On With the Words
It was one of those articles where I started to get a little queasy about a millisecond after reading the headline: “Why Writers Should Stop Blogging.” That the piece was written by a respected fellow pilgrim and writer only made things worse, as did the links she provided to other content echoing the same themes. I have long suspected that blogging is inherently inferior to more traditional modes of communication—kind of like the minor leagues of writing—and have reflected often on the deleterious tendencies that it tends to inculcate among it’s practitioners. Each and every one of these suspicions (and others) was confirmed in reading this post and the attendant articles. Jeff Goins’ piece called “Why You Need to Stop Blogging & Regain Your Writing Soul,” in particular, summed it up with painful precision.
- Blogging is instant: blogging is the writing equivalent of the little lab rat in a cage feverishly pressing on a lever to get more food or some other stimulant. You press “publish” and—voila!—the responses come flooding (or, more likely, trickling) in! It becomes very easy to publish simply for the sake of the (instant) affirmation that you think (hope) will follow.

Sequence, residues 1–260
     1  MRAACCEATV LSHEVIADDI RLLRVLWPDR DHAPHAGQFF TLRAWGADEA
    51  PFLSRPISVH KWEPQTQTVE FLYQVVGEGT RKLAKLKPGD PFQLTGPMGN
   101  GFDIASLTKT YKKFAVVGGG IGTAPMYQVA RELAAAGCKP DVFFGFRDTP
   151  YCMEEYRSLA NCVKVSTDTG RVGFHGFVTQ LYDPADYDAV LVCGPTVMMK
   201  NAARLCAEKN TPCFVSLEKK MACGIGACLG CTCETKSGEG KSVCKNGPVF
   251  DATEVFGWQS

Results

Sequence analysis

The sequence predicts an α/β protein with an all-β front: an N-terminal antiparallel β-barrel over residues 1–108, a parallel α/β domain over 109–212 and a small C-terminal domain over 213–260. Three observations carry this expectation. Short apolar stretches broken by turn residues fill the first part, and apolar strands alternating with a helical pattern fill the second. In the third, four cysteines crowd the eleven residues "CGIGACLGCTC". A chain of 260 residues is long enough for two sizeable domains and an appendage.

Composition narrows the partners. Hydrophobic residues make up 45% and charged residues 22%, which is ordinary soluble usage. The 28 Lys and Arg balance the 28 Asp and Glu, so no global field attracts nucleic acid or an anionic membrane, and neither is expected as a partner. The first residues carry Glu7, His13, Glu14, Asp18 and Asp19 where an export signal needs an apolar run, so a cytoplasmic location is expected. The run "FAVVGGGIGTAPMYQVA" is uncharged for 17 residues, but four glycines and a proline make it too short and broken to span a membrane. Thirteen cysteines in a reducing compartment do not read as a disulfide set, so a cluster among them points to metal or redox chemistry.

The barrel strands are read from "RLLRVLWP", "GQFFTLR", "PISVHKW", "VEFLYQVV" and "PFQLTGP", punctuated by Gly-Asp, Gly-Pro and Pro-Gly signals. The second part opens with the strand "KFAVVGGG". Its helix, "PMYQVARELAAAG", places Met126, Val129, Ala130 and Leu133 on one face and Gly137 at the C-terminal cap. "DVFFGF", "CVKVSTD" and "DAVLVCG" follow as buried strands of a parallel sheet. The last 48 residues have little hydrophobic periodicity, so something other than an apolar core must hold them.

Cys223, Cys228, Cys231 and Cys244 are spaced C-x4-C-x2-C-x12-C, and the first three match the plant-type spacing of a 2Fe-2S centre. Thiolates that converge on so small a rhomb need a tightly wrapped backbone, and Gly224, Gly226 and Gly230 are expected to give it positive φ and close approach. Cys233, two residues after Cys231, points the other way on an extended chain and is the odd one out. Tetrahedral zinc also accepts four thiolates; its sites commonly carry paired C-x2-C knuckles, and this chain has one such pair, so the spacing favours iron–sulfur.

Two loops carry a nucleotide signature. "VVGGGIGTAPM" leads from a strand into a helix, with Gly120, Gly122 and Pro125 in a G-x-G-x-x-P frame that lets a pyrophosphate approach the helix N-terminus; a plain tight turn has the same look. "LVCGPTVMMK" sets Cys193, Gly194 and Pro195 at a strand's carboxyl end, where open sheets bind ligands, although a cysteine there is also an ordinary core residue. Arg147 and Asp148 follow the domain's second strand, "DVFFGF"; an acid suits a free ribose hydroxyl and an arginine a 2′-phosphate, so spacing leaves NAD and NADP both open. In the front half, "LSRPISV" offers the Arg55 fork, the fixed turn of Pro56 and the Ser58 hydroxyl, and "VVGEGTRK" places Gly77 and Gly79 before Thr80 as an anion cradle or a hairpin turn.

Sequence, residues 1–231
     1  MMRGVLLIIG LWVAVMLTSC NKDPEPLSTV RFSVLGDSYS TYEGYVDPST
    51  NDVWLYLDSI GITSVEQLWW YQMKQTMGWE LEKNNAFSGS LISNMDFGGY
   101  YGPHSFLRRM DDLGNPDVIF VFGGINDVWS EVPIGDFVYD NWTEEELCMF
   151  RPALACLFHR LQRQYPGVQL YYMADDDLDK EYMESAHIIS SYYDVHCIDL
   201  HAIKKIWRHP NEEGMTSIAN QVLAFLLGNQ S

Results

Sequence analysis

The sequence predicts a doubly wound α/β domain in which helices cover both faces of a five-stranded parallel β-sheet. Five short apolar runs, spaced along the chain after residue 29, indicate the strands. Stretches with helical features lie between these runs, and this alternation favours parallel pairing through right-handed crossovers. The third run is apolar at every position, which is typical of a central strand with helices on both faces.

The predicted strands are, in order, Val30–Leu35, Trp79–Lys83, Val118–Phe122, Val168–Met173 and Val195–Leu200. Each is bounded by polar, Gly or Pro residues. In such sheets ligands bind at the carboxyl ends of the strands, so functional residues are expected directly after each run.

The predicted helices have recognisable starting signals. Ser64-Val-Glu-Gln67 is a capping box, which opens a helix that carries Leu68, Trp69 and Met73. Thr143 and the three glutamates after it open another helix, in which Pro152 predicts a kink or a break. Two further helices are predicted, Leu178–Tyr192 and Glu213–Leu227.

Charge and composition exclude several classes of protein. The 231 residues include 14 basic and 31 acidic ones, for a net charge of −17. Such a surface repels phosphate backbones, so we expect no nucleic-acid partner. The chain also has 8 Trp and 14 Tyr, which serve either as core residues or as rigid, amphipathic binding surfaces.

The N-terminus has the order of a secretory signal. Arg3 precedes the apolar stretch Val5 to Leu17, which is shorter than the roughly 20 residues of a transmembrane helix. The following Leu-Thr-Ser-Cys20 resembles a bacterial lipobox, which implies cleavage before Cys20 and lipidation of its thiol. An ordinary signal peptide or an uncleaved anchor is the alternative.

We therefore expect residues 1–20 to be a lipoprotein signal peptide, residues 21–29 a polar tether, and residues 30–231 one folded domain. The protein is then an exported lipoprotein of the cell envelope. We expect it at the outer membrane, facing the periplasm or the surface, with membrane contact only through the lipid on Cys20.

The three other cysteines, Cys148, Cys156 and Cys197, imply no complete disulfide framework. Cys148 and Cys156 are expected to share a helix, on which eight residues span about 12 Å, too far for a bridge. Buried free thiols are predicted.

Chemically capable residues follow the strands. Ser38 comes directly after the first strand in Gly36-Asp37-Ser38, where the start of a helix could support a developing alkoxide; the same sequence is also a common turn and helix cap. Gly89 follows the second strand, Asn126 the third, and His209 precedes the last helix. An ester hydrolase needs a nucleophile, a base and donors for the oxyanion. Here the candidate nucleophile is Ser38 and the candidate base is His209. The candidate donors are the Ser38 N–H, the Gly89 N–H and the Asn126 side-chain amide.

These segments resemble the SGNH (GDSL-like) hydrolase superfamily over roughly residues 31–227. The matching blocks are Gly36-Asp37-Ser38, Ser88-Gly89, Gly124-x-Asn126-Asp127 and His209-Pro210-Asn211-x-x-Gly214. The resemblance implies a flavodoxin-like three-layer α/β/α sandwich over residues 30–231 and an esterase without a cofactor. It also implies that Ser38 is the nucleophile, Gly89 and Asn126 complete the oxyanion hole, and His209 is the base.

- Blogging is expedient: in the past, writers actually had to convince real editors that their work deserved a broader audience. No more. Now anyone and everyone has immediate access to their (often meager) audience. As with #1, this can quite easily lead to rushing through the process of writing and producing, well, crap.
- Blogging is easy: To quote Goins, “Beware anything that allows you immediate pleasure and reward with little work required…. Anyone can blog. In fact, many do. But not everyone has something to say.”
As I surveyed Goins’ “three reasons to stop blogging,” I thought to myself, “um, guilty, guilty, and guilty!” I have pressed “publish” for each of these three reasons. I have blogged when I should have been doing more pressing work, when I should have been spending time with my family, when I had nothing important (or even interesting) to say, when I was bored, when I should have closed the computer and gone outside, when I should have been reading something that was the fruit of a longer and deeper creative process than simply scrambling a few ideas together and pressing “publish,” when I should have just, for God’s sake, been silent. Indeed, I am probably doing any number of these things right now.
After a day or so of these uncomfortable ruminations, I began to feel that blogging was a very grimy business indeed. Selfish, lazy, marked at every step by naked desperation for the stroking of one’s ego. Sigh. How to possibly justify continuing to participate in such a corrupted medium?
Well, the short answer would be that human selfishness can be quite resourceful, and I can talk myself into many things that go against my better and more reasoned judgment. But perhaps there is a longer answer, too.